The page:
Remembering that, and knowing my own competitive streak and tendency toward argument, I’ve promised myself that I wouldn’t do that to my future children. But I may have spoken too soon.

Last night I went to my husband’s (!!) baseball game and found myself moderately channeling my father. I vehemently disagreed with certain balls and strikes, and was yelling, “That’s b- !” before I remembered that I was sitting next to two children.

I grumbled about certain plays that should have been outs and paced in the stands from about the 6th inning on. Unlike my father, I didn’t speak with the umpire directly, but I also try to avoid confrontation in general.

Confrontation aside, I fear that I could eventually be *that* parent.

It’s possible that this will all be a moot point, and that when it’s my kids I’ll just enjoy the game and not worry about the missed calls or ridiculous strike zones.

But based on family history, I highly doubt it.

*I should note, just for clarity, that I would never ever yell at the kids themselves. And you can bet my inner Mama Bear would come out if any other parent did. Like this.

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Remember all that worry? All that stress?

Turns out, it was completely unnecessary.

The whole day went smoother than I ever could have imagined, and I learned that at least one “warning” we received was true: the whole celebration simply flew by.

The ceremony went so quickly that I didn’t know why I had ever worried about its length in the first place.

And the reception was the party we’d hoped it would be and more. With the exception of dinner, the dance floor was never empty, and the energy level was incredible.

Leading up to the wedding, friends told us…

…the whole day will be a blur. And it was.

…only you will know if something doesn’t go according to plan. True.

…make sure you get a chance to see the ballroom before the reception starts. So we did.

…take a minute to be together alone between the ceremony and the reception. So we did that as well.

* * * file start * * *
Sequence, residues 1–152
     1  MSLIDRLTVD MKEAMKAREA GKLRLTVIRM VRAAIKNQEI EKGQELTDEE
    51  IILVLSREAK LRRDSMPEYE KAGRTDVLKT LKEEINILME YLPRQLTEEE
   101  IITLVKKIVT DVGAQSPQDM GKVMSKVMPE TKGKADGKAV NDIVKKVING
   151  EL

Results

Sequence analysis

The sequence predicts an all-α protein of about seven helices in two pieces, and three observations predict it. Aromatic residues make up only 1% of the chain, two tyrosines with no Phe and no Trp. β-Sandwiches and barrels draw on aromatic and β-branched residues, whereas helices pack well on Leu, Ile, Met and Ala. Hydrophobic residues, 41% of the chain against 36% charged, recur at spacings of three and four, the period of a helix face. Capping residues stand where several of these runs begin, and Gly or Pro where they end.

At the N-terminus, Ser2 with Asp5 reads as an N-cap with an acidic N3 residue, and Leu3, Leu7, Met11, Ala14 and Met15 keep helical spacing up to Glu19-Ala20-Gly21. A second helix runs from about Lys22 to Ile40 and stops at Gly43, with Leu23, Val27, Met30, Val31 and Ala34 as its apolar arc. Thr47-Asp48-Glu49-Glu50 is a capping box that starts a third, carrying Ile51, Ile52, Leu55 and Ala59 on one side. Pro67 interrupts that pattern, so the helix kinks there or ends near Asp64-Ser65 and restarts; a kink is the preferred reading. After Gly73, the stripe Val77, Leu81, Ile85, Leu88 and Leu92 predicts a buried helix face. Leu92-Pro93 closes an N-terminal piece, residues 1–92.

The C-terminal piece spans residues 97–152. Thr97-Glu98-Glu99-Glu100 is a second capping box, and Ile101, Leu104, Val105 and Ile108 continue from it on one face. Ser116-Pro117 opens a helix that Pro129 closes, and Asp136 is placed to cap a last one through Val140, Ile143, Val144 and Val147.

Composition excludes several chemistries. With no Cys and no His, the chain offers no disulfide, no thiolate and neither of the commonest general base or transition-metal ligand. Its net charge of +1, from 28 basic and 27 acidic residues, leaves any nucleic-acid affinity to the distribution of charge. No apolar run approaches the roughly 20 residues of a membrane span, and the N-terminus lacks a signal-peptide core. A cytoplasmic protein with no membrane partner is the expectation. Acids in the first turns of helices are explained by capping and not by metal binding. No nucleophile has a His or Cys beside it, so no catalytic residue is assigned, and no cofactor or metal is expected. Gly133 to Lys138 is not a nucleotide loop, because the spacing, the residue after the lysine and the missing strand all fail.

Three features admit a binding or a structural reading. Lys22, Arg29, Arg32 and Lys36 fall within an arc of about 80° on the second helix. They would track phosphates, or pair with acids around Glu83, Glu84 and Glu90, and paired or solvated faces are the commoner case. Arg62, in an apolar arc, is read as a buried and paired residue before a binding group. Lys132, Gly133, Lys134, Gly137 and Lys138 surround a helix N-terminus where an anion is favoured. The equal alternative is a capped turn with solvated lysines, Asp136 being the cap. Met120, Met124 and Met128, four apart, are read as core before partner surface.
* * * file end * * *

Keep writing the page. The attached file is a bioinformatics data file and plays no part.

…you won’t get to eat, so don’t expect to. Surprise! You should have seen the way we scarfed down our salmon. (The cake I ate standing up, partly because someone took my chair, but also because sitting to eat would have taken too much time out of my dancing.)

Before we knew it the DJ (who was amazing!) was calling everyone out onto the floor for the last dance, and the hotel staff was clearing off the tables.

So, naturally, we hopped across the lobby for an after party at the hotel bar, and stayed until well after the bartenders left.

There’s another pearl of wisdom that rang true: the adrenaline rush. Normally I’d be exhausted staying out until 3am. But not this time.

This time, it worked.

This time, everything worked absolutely perfectly.

*Photo credits: Facebook friends.

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Remember that stress I was telling you about? Well, I wish I could say it had subsided, but I’d be lying.

And apparently I’m not very good at hiding it either. BNF told me this morning that my face looked like “a bundle of nerves,” which, I suppose, is technically accurate, too.

(Side note: I wish my face also showed him how excited I am. But apparently it can’t multi-task.)

I’ve found that when it comes to wedding stress, like with most things, you can divide reactions into two categories.

First, you have the traditionally supportive group. These are the friends, co-workers, and parents who ask you how you’re doing. And they accept it when you say, “Everything’s going great – I really feel okay.” But they’re also not surprised when you go on a ten minute rant about all the little things that you know no one is going to notice but you.

In fact, sometimes they tell you, “I think you needed that. You looked too calm.

And then you have the other group, who likes to “lighten the mood.”

These are the friends and family who joke, wouldn’t it be funny if [nightmare x] happened? Or, wouldn’t it be funny if so-and-so stood up during the ceremonyI could totally see that happening!

Or, the text message I received from my younger brother (an usher for the wedding) yesterday.

They scheduled me [at work] over the weekend i cant make it…sorry.

Now, did I, for one second, believe that it was true? Of course not.

Do I want to smack him anyway? Maybe just a little bit.

Will it stop him from making jokes right up until the ceremony?

Not a chance.

I just hope he remembers this when it’s his turn.

*A coworker shared her favorite piece of advice: “‘Worry until Thursday,’ because after that you really can’t change much. You just have to let it happen.” So that has been my mantra.